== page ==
Welcome to the Tuesday 2¢ . It’s Tuesday, the weekend is a distant memory and it’s time to let off some steam and give our 2 cents on a hot industry topic. This week Ian Truscott expresses his joy at the fact that the topic of silo busting has come to the fore at last.
It seems that industry analysts are waking up to the integration headache which they have created with their encouragement of silo’d thinking in the marketing technology industry. They seem to be finally addressing the integration pains and restrictions which this has created for organizations who, in order to remain competitive, are either in the process of digital transformation or wishing to make use of new technologies such as the Internet of Things and Artificial Intelligence.
In particular I was drawn to this article from Gartner . It’s a little thin on detail, as you would expect for something accessible outside of the significant Gartner pay wall, but it seems to be a new direction for the firm. It discusses the integration challenge, how this topic should be considered in the software procurement process and by logical conclusion, suggests maybe a move away from some of the niche point solutions.
This quote in particular stood out for me:
"Through 2020, integration work will account for 50% of the time and cost of building a digital platform” , says Massimo Pezzini , research vice president and Gartner fellow. “Moreover, the complex challenges posed by digital business transformation require a radical change in the integration technology platform and in the way organizations deal with integration" .
50% of the budget for a digital platform is a significant estimate, but I’m kinda split on my opinion of that.
On the one hand, wow! This is a considerable amount of time and cost, and I can superficially go along with the article, subscribing to the idea that this is something new which requires a fresh approach and an all new acronym (Hybrid Integration Platform - HIP). Woo hoo! A HIP new acronym.
But on the other hand, well, it’s About. Bloody. Time.
I started my commercial career working as a supply chain technology consultant. Our software optimized product lines, warehouses, distribution, and all that good stuff. I worked for a pretty damn good point solution in an age when SAP was consuming every function of a business that could be automated (this was two decades ago).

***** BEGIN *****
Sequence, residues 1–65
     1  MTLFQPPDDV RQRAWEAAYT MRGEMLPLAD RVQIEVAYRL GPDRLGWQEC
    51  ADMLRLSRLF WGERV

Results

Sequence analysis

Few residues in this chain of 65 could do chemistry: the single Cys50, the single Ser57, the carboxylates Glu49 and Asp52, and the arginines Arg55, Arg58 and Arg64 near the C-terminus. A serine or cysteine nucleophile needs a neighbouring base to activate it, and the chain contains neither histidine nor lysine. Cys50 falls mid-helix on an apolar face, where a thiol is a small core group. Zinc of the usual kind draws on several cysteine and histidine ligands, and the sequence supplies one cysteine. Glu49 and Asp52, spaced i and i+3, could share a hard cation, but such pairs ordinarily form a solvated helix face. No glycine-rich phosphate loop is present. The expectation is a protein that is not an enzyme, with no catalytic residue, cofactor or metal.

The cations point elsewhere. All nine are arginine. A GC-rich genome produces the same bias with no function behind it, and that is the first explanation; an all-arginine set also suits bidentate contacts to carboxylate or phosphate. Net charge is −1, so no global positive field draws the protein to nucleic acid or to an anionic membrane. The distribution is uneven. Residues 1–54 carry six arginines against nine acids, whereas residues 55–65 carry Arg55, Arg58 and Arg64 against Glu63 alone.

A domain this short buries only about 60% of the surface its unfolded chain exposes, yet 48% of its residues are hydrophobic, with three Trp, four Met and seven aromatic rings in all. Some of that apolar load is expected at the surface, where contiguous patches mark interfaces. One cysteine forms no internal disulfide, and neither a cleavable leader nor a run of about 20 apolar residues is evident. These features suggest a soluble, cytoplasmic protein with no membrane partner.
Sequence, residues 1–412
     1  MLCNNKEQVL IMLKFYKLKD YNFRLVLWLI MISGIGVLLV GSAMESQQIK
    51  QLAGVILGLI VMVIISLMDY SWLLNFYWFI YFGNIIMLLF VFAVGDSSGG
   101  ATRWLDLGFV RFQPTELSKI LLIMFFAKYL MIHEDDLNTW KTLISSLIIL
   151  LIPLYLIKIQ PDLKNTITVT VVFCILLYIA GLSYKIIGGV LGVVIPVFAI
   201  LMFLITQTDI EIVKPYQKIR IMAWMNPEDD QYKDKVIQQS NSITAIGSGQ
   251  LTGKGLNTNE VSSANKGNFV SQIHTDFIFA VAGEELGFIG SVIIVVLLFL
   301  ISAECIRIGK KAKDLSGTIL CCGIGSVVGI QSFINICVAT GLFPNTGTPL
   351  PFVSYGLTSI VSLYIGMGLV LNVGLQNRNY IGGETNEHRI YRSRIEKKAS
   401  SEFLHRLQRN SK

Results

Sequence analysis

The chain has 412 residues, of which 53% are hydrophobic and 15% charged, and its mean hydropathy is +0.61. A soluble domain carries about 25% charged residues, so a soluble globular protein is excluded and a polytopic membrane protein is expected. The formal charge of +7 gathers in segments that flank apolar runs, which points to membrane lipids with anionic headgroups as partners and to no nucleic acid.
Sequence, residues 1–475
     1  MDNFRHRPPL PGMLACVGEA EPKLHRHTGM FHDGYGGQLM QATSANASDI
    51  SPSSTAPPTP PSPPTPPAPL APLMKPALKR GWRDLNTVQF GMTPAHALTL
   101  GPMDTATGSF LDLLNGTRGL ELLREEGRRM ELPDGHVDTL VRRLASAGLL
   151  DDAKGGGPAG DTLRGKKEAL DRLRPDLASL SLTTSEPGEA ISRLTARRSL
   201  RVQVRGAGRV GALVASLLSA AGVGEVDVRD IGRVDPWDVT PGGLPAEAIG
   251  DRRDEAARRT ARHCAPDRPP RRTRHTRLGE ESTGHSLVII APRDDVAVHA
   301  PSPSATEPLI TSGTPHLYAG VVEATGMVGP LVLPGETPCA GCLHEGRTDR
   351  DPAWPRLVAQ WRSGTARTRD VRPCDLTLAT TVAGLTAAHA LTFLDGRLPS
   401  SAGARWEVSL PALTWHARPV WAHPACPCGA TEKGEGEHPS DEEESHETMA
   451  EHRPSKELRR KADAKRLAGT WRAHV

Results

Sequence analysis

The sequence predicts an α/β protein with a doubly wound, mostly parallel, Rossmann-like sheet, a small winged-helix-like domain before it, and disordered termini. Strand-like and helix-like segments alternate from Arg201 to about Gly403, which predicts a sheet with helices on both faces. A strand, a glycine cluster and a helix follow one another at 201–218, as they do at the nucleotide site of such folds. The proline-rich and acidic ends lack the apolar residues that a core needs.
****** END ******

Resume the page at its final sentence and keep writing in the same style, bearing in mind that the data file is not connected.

Our role as technology consultants back then was 90% integration (not 50%). The team had to become proficient in the best practices and tools of EAI (Enterprise Application Integration), ETL (Enter, Transform, Load) and any number of programmatic ways in which one could pull data out of ERP and all manner of legacy systems which used to litter the path as a product went from being raw material to the shelf.
At the time, SAP and JDEdwards were becoming the dominant ERP vendors in our market, so we developed tools and skills specifically for the integration of these platforms, so my first product management job was in this area.
I share this with you, as in the industry of optimizing the supply chain with the objective of driving down costs and improving the service to the consumer, integration was considered at every moment in what you could argue was the first wave of digital transformation and this caused two things:
The first being that the topic of integration was make or break if you wanted your solution to be considered in an organization’s supply chain technology stack.
The second was a recognition in software procurement that solutions (like SAP) which were (*cough*, in theory) integrated out of the box, was a good thing, perhaps outweighing some of the features and functions which were in the edge cases of competing point solutions. But, most importantly, it was essential that a single system held the master record and that everything else integrated to that because that was simply more efficient.
In this wave of digital transformation, instead of optimizing how we make, store and distribute stuff, we are optimizing how we manage, store and share information in a content marketing driven world where content publishing is becoming every organization’s second business .
We are doing it for the same reasons, to reduce the cost of doing it and to provide a competitive consumer experience. We are optimizing the content supply chain.
So, it is about bloody time that integration and the consideration of a master content record and central repository is getting some attention from the analysts. Perhaps this is just a sign of maturity that the digital experience software market has just been slow to arrive at.
To refer back to the Gartner article:
"Undergoing a digital transformation is like upgrading to a dream car. Attention falls on the sleek new looks, improved efficiency and higher speeds. But we often fail to look under the hood, although that’s where we’ll find the engine that powers the car."
Of course, at this point, I should point out the virtues of having a Universal, Smart Content Management solution under the hood of your shiny new digital transformation automobile, instead of a bunch of content silos, but I shall resist.
Yes, I know that the Gartner article was focused on integration platforms, not integrated solutions, but I love the acronym, so I’m just I’m going to say I’m happy that it’s finally HIP to talk about silo busting!